The linkage of the present invention includes a first link that has one end pivotally affixed to the support structure and an opposite end pivotally affixed to the first strut in a position between the ends thereof. The linkage also includes a second link having one end pivotally affixed to the support structure and an opposite end pivotally affixed to the second strut in a position between the ends thereof. Each of the first and second links has a fixed length. The pivotal connection of the linkage with the support structure is elevated above the pivotal connection of the frame with the support structure.
In the present invention, “actuating means” will, preferably, be a hydraulic piston-and-cylinder assembly. Alternatively, the “actuating means” can include various other mechanical systems such as a pneumatic piston-and-cylinder assembly, a motor assembly, a suitable transmission connected to the motor assembly, and related mechanisms.
The lifting apparatus 50 includes a support structure 62. The support structure 62 is properly secured, by welding, bolting, or by other means, onto the bed of the truck 54. As such, the support structure 62 provides a strong base upon which to place the lifting components of the lifting apparatus 50.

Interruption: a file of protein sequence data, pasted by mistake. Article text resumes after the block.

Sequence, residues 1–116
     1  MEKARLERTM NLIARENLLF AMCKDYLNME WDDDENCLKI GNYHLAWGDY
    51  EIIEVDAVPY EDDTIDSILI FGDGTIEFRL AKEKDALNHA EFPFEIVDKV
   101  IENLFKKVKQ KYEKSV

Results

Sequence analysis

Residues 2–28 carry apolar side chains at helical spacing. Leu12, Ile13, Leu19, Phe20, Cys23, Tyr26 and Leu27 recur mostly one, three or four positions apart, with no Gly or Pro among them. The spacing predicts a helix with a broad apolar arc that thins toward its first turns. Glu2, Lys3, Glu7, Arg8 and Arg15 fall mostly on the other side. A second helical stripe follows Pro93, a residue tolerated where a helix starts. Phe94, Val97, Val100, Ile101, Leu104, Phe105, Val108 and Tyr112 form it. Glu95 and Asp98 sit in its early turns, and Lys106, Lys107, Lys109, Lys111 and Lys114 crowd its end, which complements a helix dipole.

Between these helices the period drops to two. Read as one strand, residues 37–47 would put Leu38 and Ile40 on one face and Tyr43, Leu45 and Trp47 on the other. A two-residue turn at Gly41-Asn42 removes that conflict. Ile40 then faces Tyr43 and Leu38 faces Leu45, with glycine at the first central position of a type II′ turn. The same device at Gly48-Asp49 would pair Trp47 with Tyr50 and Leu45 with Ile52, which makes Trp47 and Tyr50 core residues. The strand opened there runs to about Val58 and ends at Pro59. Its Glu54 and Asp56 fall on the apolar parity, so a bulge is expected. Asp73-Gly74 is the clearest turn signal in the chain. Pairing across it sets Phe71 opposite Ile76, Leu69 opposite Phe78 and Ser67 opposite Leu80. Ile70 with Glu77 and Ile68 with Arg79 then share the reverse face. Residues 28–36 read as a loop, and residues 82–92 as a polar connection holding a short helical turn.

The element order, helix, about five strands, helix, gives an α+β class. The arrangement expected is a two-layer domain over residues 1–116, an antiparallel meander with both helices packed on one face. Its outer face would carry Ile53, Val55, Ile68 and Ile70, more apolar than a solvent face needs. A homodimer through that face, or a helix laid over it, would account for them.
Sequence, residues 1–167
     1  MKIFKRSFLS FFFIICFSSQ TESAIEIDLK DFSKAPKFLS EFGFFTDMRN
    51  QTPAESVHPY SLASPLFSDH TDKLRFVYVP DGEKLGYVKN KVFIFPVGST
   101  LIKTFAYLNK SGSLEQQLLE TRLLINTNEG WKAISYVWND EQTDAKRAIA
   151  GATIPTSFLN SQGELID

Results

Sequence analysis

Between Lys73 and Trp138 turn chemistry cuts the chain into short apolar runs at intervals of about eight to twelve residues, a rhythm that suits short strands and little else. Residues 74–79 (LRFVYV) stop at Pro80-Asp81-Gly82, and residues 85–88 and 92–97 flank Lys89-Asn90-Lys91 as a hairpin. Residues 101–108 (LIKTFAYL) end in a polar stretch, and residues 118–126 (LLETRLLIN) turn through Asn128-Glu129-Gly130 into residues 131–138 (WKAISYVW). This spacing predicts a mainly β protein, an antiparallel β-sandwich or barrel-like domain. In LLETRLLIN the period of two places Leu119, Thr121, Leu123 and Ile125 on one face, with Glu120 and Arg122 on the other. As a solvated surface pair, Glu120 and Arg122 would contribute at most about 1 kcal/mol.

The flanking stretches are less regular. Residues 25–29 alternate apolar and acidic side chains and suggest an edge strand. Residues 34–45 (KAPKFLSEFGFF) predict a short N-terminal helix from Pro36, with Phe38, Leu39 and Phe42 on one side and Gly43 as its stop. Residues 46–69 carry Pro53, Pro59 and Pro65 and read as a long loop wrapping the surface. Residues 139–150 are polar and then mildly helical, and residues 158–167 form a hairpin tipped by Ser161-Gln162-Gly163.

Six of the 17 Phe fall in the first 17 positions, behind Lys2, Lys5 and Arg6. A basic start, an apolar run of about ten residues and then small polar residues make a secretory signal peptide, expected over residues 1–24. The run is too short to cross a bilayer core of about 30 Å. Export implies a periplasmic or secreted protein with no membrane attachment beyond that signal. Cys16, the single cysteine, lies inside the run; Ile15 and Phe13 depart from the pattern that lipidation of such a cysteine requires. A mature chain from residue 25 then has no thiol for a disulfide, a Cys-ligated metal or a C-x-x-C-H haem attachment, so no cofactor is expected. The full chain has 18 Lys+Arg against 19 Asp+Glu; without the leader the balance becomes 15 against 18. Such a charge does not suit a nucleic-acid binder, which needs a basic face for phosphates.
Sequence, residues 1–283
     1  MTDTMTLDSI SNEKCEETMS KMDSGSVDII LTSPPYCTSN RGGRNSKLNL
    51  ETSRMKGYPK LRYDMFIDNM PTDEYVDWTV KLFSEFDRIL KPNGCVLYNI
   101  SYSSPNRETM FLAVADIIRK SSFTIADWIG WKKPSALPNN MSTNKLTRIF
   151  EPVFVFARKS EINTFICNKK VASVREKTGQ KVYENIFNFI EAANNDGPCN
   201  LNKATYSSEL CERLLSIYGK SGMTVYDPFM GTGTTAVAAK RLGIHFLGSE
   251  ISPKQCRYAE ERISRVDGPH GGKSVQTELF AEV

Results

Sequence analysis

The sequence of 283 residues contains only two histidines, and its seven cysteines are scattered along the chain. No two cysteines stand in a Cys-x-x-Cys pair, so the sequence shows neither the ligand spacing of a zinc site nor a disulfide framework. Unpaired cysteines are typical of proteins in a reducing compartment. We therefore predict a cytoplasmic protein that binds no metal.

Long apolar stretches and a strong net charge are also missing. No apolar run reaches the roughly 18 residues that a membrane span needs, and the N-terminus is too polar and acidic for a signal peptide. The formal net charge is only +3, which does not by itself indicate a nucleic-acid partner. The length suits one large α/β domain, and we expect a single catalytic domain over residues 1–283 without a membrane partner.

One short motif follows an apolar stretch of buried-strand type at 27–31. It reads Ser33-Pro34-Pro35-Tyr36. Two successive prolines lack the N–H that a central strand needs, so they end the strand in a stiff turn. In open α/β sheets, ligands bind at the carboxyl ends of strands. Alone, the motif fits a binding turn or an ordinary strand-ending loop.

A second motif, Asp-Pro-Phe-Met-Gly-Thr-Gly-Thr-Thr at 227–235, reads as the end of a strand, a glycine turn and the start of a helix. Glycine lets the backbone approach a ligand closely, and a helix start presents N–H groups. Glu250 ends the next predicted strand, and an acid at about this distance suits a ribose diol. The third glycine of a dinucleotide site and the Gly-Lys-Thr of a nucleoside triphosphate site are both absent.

A frame 64 is pivotally connected to the support structure 62. In particular, the frame 64 is connected to the pivot point 66 of the support structure 62. The frame 64 has a generally U-shaped construction. The frame 64 has a first arm 68 that is pivotally connected to one side of the support structure 62 and a second arm 70 that is pivotally connected to another side of the support structure 62. A cross bar 72 extends across the opposite ends of the arms 68 and 70 so as to provide structural stability to the frame 64. The cross bar 72 will extend across the frame 64 at an end opposite to that of the pivotal connection with the support structure 62.